Awash in new year’s resolutions, January is a time to reflect, but also designate areas to focus on improving. Eat healthier, quit smoking, work out more, get organized are some of the most tried and true resolutions (whether they work or not) around. Trying to be a better “you” or transforming into your perfect self. Dancers are always trying to better themselves, to become, through their art, a more perfect version of themselves as well as transforming into the character the role requests.
An interesting and terrifying example of this type of transformation is Natalie Portman’s portrayal of an obsessive and unstable ballet dancer in Black Swan. RB finally had the chance to see the disturbing, yet beautiful movie last week. I don’t normally go to “scary” movies — and this one did provoke a few nightmares — but I recommend this one, if only for the actors’ performances and the Tchaikovsky-laden soundtrack. At times it was difficult to tell what was real and what wasn’t, which added to the general feel of dementia, coupled with the brilliant camera shots and editing made me wonder if I was going crazy too. (No comments on that, please.)
Portman’s virginal/naive Nina provides the ultimate (if extreme) balance to Mila Kunis’ wild and passionate Lily. Both actors trained hard before donning their leotards for the cameras (notably losing approx 20 lbs each, which seems about right). Portman’s port de bras and basic positions looked good and with some of the camera shots she really needed to know what she was doing , but Kunis’ arm were hideous. Portman’s dancer double (ABT soloist Sarah Lane) doesn’t get enough credit, in my opinion. Unless you are reading a dance magazine or blogs, you rarely, if ever, hear her name mentioned. (*Note to Portman: if you win any awards, it would be proper to acknowledge Lane.)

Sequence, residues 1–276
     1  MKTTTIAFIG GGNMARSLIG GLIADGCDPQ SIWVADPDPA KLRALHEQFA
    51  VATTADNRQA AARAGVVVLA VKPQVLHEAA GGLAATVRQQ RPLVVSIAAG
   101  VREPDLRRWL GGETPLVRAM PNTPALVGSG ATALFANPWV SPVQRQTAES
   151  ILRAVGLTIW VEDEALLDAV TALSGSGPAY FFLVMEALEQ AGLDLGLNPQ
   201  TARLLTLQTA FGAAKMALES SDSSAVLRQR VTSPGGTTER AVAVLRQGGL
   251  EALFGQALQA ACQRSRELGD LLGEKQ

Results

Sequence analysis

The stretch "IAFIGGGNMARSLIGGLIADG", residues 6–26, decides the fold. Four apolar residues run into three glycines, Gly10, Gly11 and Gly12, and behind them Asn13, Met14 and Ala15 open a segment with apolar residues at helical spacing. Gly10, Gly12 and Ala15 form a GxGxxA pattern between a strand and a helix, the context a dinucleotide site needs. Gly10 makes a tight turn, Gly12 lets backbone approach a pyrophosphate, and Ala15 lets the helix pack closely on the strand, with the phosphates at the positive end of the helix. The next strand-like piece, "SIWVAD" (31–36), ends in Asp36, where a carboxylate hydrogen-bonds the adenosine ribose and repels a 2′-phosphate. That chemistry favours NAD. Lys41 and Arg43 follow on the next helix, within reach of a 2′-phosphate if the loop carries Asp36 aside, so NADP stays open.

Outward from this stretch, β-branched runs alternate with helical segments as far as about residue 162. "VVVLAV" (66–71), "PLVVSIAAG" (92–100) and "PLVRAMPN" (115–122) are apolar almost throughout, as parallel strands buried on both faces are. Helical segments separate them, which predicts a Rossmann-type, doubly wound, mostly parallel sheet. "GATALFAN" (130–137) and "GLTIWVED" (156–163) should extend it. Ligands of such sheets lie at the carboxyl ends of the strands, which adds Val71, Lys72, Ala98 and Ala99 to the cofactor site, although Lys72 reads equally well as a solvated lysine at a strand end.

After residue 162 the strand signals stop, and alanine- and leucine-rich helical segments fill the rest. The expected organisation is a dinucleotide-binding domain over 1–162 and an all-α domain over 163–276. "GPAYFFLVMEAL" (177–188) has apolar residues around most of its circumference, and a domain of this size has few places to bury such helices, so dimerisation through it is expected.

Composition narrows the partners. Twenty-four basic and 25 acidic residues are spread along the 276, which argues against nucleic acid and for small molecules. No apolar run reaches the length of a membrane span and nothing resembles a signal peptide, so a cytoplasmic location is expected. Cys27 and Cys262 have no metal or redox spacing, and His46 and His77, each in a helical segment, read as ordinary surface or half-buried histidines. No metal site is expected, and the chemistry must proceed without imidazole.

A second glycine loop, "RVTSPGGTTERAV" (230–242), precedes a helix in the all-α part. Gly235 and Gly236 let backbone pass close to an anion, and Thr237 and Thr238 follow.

There were a few things that annoyed me…namely, the back tattoo on Lily. What ballet company would let her go on stage during Swan Lake with that showing? The music box ballerina in Nina’s childlike bedroom rotated backwards. It drove me crazy until, on further reflection, I realized it was supposed to…alluding to her unwinding, her mind unraveling.
Although the characters and plot are clichéd and pushed to the extremes, I thought the casting was spot on. Vincent Cassel was, as usual, slimy. Barbara Hershey psychotic and demanding and really, who plays a better crazy than Winona Ryder? I understand that some are upset that the arts world is again being portrayed as crazy and self-destructive. Black Swan does delve into the darker side of creative obsession, but in its defense, it’s a movie people(!) and I found it disturbing, but entertaining. Plus, if it makes an audience member want to go see a live performance of Swan Lake or anything, I’m all for it.
*Spoiler Alert (of sorts, it’s in the commercial shots): The scene where Nina transforms on stage during her menage into fouette sequence, literally into a swan by growing feathers and sprouting wings is worth the price of admission. RB had goose (or swan?) bumps! Of course, the red eyes, score and creeptastic sound effects helped too.
The best line of the movie was when the Artistic Director asks Benjamin Millepied’s character, “Would you *bleep* that girl?” His response is a “hell no! are you crazy?” look that got chuckles from the audience, who by the time RB saw it, already knew Millepied and Portman are engaged in real life and she is pregnant with his baby.